* Orders fall 7 pct to $9.312 bln
* CEO sees growth opportunities in Europe
* Net profit rises 16 pct to $763 mln
* Shares fall 5 pct (Recasts, adds CEO comments, analyst, details)
ZURICH, July 25 Swiss engineer ABB's more selective approach to projects and delays by utilities in starting new schemes drove a fall in second-quarter orders below expectations, sending its shares down over 4 percent on Thursday.
Restructuring at the world's biggest supplier of industrial motors and power grids also weighed on orders, which fell 7 percent on the year to $9.312 billion.
Second-quarter net profit rose 16 percent, below expectations, and analysts at Espirito Santo Investment Bank said the order setback cast doubt on whether ABB can meet market views for the latter part of this year.
The brokerage maintained its "buy" recommendation.
ABB said it is offsetting some market uncertainty by being geographically and technologically diversified, allowing the company to tap opportunities for profitable growth.
"Some areas that you think of as lower growth areas actually might be opportunities," said outgoing chief executive Joe Hogan who wil be replaced in September by Ulrich Spiesshofer, head of the company's discrete automation and motion (DAM) division.
ABB said last December it was pulling out of low-margin engineering, procurement and construction operations in more than 10 countries and planned to shift its focus to higher-margin software and systems activities.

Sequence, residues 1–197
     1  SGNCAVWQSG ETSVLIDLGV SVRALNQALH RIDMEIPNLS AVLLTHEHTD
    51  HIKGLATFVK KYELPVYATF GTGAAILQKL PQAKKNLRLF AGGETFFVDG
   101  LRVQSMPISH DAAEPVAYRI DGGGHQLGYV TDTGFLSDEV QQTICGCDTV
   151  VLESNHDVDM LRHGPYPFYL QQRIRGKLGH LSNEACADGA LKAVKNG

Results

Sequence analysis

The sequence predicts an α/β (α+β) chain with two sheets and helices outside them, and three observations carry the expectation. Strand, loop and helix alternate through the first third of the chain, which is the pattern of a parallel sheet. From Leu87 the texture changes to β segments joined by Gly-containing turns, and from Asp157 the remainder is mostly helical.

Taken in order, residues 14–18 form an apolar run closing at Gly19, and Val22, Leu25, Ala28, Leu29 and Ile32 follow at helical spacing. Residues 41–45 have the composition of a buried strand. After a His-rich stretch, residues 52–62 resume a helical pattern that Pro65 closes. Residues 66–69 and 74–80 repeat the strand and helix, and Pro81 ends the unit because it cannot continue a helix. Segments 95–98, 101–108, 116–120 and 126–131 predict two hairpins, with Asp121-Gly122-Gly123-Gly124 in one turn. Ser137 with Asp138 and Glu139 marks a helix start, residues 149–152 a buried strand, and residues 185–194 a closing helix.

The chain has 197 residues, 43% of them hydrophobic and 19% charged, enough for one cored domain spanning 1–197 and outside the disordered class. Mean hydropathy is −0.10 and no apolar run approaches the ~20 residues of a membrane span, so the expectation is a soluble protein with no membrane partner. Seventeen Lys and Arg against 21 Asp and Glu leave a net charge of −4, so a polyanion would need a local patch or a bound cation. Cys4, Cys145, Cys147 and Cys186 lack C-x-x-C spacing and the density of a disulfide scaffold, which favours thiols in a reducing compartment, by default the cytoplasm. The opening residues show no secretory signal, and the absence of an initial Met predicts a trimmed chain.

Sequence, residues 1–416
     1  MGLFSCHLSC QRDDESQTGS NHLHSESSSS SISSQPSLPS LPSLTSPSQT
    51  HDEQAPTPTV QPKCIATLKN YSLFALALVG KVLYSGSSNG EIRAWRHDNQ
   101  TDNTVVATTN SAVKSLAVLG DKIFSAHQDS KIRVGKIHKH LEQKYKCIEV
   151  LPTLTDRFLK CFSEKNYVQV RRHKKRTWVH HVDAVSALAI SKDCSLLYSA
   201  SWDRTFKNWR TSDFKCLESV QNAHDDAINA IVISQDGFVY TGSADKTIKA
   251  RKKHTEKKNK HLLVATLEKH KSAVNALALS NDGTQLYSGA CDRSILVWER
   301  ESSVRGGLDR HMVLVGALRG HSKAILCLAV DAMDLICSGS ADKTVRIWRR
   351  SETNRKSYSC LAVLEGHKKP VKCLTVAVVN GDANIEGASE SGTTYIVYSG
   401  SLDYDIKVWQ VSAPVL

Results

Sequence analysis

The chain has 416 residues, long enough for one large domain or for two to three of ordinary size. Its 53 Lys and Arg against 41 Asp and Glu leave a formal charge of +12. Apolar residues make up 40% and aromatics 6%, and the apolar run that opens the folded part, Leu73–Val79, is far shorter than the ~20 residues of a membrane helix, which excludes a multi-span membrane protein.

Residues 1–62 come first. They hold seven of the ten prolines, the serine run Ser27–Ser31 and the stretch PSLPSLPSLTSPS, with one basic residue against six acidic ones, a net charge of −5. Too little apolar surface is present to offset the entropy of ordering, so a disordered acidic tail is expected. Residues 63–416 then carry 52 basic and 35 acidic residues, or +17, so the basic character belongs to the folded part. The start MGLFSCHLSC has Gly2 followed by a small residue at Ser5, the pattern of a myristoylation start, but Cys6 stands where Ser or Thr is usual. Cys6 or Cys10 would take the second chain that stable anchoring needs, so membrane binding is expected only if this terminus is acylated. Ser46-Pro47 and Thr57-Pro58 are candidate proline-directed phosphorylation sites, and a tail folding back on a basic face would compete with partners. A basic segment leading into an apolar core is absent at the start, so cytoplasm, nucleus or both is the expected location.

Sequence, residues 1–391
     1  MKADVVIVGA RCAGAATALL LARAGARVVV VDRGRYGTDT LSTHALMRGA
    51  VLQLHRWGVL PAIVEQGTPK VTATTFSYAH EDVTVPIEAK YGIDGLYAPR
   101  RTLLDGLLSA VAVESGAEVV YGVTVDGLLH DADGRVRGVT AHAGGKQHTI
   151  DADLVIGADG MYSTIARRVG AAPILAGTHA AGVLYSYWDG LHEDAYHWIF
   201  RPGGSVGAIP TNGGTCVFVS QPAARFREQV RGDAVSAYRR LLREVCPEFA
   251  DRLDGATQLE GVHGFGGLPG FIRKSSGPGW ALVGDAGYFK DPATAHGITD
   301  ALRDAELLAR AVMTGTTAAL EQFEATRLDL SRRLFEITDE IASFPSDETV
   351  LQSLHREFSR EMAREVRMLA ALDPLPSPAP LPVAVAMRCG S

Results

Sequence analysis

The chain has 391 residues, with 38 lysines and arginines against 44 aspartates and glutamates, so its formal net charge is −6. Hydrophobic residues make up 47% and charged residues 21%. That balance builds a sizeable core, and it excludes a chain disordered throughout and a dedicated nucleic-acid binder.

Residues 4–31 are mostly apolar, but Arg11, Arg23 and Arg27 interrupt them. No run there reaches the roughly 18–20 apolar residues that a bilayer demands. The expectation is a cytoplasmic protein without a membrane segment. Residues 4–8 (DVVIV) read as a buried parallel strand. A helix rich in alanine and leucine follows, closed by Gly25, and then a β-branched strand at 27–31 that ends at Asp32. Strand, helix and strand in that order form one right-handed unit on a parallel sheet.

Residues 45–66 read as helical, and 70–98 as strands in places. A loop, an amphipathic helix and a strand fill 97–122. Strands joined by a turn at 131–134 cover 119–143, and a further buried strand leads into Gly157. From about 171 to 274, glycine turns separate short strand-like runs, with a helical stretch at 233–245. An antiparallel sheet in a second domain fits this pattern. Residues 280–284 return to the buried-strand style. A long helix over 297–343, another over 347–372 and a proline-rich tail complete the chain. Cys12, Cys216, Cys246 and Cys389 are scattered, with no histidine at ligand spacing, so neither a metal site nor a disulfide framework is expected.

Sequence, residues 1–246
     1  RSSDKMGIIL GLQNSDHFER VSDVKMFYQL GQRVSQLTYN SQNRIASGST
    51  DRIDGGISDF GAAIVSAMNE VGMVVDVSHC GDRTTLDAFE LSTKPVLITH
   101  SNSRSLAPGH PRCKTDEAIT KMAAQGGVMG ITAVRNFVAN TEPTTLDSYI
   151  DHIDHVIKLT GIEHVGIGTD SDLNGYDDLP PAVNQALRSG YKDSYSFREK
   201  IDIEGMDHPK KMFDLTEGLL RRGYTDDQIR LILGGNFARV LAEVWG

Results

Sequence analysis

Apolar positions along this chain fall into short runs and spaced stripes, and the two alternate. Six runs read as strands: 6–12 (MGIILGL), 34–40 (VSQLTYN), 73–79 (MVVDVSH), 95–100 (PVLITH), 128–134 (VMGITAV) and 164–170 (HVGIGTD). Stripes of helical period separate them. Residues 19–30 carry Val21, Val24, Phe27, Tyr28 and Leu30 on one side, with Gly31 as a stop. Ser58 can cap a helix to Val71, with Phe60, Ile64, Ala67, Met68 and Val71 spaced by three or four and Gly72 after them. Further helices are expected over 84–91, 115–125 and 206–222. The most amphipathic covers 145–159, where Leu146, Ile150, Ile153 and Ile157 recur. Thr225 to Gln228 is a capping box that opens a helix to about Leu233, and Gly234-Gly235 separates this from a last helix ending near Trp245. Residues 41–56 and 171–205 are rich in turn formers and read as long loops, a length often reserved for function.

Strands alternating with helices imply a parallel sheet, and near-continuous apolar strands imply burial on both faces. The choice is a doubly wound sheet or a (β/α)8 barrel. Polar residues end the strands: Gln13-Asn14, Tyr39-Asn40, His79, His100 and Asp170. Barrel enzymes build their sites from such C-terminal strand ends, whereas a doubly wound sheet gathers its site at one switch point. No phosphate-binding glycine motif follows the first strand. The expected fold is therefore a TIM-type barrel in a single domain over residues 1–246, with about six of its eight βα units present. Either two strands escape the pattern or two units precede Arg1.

The company's shares have risen 15 percent so far this year, outperforming a 10 percent gain in the European industrial goods and services sector index the that period.
The stock trades at 14.5 times estimated earnings over the next 12 months at a premium to German rival Siemens' 11.9 times and France's Schneider 12.9 times, according to Thomson Reuters data.
Higher orders in northern European markets such as Germany and Sweden helped to offset some of the weakness in southern Europe, ABB said.
"Europe is never just Europe, it's country by country, and there are good growth opportunities in that sense," Hogan said, adding he was bullish on China and also watching Japan.
The company won a contract in July to supply the Netherlands with equipment to build a network of stations for charging electric vehicles.
ABB, which also makes components for the oil and gas industry, is concentrating on consolidating acquisitions from a spending spree over the past few years. Most recently it said it would buy U.S. solar energy company Power One for about $1 billion.
Second-quarter net profit rose 16 percent to $763 million, compared with the average forecast in a Reuters poll for a jump of 20.6 percent to $791 million. (Reporting by Alice Baghdjian; Editing by David Cowell)